General News · 21st May 2014
Every year the Strathcona Regional District sets aside some funds for the local Cortes Grant In Aid (GIA) program to support local non-profits that carry out work of benefit to the island as a whole. This year’s budget is $25,000.
After the allocation of some funds to an early time sensitive GIA application this spring, I received an email from a Cortes resident who usually positions himself as my critic, criticizing my recommendation, but also asking that I advise the community about my GIA allocation considerations before making recommendations to the Regional District board. This year is a particularly good year to seek your feedback because there are more requests than ever before, both in $ amount and first time applicants. Below, I outline some criteria and considerations I use when making funding recommendations and share with you at the most simplistic level what funds have been requested this year. I would welcome any input you might have about how to best distribute your funds this year.
It is suggested in the application form that the applicant demonstrate both a need for the service/project within the community and the financial need of the organization. Each proposal must also outline how the grant will benefit the community.
In 2010, I wrote the following article: Grant-In-Aid Philosophy: Supporting Innovation with Seed Capital. “Through its direct support of Cortes projects and organizations, the Grant-In-Aid fund is one of the Strathcona Regional District services that most immediately and directly benefits Cortes Islanders. The province-wide intention and philosophy of Grant-In-Aid services is to act as seed funding - to help kick-start new initiatives with broad community benefit which may not otherwise happen and to support emerging innovation. Over the past many years, Cortes Grant-In-Aid funds have been distributed in relatively small amounts to many local community groups used largely as nominal core funding – supporting basic operation costs. Although this has supported excellent work, given the small amounts allocated I don’t believe it represents the highest and best use of these funds. After meeting last winter with most organizations that have traditionally benefited from these grants, I received broad support for a shift in the spending of Grant-In-Aid monies to better reflect this ‘seed money’ philosophy. This shift, beginning in 2010 and evolving in 2011, will be moving away from small allotments of core funding towards a few innovative projects. Although as your director I make spending recommendation for the Cortes GIA allocations, the final decision rests with the Regional District Board.”
Since then, I have heard from many groups that core GIA funding is actually really key to their organization given that it is one of the very few available funding sources that can support core operations. Lots to consider.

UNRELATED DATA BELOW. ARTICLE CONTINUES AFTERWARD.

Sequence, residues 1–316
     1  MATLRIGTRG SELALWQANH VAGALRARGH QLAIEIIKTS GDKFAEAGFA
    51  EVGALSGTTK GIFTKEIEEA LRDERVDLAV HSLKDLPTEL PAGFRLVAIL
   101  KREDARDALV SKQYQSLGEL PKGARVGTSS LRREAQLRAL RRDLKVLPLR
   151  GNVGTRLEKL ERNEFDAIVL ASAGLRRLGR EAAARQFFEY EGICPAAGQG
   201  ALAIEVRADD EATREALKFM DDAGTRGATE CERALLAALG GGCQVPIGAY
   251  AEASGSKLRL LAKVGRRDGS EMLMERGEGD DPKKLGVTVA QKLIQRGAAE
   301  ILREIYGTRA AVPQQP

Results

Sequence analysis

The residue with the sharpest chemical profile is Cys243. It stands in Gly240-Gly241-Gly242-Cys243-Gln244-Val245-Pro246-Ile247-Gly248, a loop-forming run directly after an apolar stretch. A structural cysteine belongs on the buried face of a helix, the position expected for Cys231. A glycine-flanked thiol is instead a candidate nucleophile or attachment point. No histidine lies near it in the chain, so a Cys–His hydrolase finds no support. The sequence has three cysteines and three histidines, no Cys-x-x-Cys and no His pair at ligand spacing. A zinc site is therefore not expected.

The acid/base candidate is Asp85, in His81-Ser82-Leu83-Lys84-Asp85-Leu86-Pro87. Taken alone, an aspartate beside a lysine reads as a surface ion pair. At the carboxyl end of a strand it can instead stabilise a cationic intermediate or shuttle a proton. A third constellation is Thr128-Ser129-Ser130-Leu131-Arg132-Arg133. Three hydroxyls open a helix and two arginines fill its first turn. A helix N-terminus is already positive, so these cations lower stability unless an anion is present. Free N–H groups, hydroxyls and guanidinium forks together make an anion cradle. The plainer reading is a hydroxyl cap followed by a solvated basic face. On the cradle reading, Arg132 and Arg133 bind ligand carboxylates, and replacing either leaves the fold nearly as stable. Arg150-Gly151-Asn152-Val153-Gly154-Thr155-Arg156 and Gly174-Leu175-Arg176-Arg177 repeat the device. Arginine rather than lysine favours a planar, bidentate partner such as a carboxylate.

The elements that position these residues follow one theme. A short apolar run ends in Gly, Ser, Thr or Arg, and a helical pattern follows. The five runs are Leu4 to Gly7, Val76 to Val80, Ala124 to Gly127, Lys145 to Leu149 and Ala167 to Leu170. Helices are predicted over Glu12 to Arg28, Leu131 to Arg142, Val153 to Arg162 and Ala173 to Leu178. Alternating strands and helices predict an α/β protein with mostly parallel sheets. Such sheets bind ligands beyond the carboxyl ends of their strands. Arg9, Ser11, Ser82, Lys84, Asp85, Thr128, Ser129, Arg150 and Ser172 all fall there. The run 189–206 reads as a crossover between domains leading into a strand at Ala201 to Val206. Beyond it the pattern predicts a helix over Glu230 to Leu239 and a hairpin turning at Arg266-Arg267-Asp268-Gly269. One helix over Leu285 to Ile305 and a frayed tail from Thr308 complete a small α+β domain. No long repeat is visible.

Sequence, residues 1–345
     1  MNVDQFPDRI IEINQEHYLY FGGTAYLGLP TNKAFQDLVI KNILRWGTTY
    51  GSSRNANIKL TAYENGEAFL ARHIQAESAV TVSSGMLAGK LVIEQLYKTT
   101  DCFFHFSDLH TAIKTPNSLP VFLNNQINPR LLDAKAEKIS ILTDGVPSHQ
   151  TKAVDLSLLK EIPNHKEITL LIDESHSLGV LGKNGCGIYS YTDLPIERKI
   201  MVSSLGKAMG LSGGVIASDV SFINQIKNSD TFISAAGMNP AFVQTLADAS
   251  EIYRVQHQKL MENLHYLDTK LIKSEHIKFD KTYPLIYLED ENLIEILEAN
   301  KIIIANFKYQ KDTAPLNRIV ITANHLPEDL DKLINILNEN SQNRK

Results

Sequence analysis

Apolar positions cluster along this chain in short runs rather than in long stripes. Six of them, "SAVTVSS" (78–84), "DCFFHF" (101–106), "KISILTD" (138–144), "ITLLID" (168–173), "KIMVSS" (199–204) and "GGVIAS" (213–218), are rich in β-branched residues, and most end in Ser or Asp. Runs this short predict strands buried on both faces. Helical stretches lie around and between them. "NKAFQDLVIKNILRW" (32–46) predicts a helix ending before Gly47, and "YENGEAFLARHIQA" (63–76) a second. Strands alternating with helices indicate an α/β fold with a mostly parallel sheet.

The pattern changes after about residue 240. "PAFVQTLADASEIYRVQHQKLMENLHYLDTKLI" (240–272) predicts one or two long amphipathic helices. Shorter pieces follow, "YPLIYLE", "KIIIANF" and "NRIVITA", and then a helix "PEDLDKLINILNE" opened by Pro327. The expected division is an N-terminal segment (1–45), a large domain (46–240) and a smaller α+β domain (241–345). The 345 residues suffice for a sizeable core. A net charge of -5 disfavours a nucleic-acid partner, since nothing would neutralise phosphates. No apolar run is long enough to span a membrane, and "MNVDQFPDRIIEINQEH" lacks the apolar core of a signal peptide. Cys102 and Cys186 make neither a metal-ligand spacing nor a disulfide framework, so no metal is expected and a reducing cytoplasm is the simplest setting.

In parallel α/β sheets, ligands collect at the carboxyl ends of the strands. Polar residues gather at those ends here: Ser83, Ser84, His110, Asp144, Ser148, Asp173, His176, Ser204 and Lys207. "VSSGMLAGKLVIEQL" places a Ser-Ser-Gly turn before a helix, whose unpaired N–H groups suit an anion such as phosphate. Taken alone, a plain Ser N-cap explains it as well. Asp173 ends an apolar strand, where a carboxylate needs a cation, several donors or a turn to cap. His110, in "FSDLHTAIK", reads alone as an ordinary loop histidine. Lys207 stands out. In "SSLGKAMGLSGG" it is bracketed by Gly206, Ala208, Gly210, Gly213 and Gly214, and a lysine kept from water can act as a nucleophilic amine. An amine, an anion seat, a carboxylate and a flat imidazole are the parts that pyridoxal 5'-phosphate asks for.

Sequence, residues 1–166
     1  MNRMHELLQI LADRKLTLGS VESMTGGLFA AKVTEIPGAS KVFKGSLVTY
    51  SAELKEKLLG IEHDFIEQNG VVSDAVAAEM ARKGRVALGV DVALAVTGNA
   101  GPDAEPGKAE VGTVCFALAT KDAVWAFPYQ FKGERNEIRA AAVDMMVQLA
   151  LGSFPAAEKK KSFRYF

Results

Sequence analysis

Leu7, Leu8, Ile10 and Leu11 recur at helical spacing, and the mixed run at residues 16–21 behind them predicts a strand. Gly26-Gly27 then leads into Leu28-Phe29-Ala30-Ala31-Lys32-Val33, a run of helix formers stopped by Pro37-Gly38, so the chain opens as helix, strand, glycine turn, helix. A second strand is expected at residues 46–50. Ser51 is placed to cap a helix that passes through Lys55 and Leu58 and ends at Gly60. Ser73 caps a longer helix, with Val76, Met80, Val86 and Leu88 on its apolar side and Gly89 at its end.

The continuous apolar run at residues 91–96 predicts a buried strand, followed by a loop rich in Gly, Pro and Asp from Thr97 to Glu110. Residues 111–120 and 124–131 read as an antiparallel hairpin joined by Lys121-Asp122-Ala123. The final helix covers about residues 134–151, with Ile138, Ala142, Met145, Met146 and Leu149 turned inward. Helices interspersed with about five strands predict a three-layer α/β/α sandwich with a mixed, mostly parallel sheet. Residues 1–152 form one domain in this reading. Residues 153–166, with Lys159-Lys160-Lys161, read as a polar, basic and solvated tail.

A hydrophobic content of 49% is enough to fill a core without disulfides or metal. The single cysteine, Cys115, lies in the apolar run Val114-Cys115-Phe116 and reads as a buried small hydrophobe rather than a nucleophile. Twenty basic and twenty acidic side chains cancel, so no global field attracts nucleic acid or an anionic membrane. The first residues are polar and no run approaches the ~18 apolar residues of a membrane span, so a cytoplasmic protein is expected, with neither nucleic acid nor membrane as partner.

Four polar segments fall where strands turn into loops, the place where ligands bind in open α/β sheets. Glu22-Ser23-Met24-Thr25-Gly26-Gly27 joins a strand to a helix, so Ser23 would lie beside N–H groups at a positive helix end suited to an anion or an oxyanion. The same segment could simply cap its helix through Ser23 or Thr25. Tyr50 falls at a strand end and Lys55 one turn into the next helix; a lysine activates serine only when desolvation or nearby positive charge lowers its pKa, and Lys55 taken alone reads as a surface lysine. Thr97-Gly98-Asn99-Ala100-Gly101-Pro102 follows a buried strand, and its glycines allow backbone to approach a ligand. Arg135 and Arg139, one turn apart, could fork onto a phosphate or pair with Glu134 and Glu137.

2011 I wrote: “After receiving many applications, I used four general criteria for evaluation and selection: financial need, broad community benefit, additionality (an initiative that may not otherwise happen), and preference given to ‘core funding.’”
Since that time, I have tried to hold in mind allocating 1/3 of the funds to a high community priority or new initiative and 2/3 to ongoing core operations of community groups.
Do date, of the available $25,000, $11,300 has already been allocated to time sensitive applicants. These are:
• $1,000 to the Nuyumbalees Cultural Centre on Quadra for the restoration of their Cook Welcome Poles,
• $2,500 to Reel Youth – a project of Tides Canada for their Spring 2014 intergenerational film program;
• $4,000 to Cortes Island Business and Tourism for core operations needed to match an early grant opportunity;
• $3,000 to the Friends of Cortes Island for a feasiblity assessment to set-up an enterprising non-profit for Cortes land ownership; and
• $800 to The Leadership Institute DBA Hollyhock for scholarships to Cortes NGO volunteers to attend a facilitation workshop.
I currently have before me the following additional applications. I would like to make funding allocation recommendations to the SRD board within the week, so your timely feedback is appreciated.
• Cortes Isalnd Rod & Gun Club - $3,000 for Club House Replacement;
• Cortes Island Museum & Archives - $1,915 for a new website;
• Cortes Community Health Association - $11,645; $645 for the monthly community meal, $4,500 for youth programming & $6,500 for home support;
• Friends of Cortes Island - $3,000 Hague/Gunflit Lake Algea Bloom mitigation coordination;
• Lakehouse Learning Society - $2,625 for a bursary program for Lakehouse students;
• Cortes Literacy Now (Cortes School is the financial steward) - $3,000 for core support for literacy programming;
• Reel Youth - a project of Tides Canada Initiatives Society - $2,500 for Spring 2015 intergenerational film program;
• Southern Cortes Community Association - $7,000; $2,000 to upgrade the hall sound system & stage, $5,000 food bank contingency and bulk ordering;
• Whaletown Community Club - $5,500 for general operating;
• Parents Advisory Committee - $5,765 for a food sustainability plan and proposal;
• Mountainaire Avian Rescue Society - $5,000 for their Wildlife Rescue & Rehabilitation Program;
• Museum at Campbell River - $2,500 for general operating; and
• Campbell River Search & Rescue Society - $4,000 for general operating.
That is a requested amount of $52,450 and an available amount of $13,700. Suggestions welcome of how to best proceed – in the small and immediate picture as well as a larger view. What is this an indication of? How can it be addressed beyond these funds and this year?
Many thanks, Noba Anderson